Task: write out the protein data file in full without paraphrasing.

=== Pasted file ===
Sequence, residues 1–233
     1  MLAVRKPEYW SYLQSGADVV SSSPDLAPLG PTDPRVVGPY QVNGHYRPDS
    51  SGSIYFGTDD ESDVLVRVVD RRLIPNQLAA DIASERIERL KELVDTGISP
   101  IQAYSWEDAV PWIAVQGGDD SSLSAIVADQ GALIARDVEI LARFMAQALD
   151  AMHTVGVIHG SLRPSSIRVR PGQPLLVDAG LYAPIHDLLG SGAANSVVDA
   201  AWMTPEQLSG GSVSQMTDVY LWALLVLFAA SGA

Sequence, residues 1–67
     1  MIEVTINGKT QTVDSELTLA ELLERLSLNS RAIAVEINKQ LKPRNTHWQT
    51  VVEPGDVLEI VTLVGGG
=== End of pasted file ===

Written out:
Sequence, residues 1–233
     1  MLAVRKPEYW SYLQSGADVV SSSPDLAPLG PTDPRVVGPY QVNGHYRPDS
    51  SGSIYFGTDD ESDVLVRVVD RRLIPNQLAA DIASERIERL KELVDTGISP
   101  IQAYSWEDAV PWIAVQGGDD SSLSAIVADQ GALIARDVEI LARFMAQALD
   151  AMHTVGVIHG SLRPSSIRVR PGQPLLVDAG LYAPIHDLLG SGAANSVVDA
   201  AWMTPEQLSG GSVSQMTDVY LWALLVLFAA SGA

Sequence, residues 1–67
     1  MIEVTINGKT QTVDSELTLA ELLERLSLNS RAIAVEINKQ LKPRNTHWQT
    51  VVEPGDVLEI VTLVGGG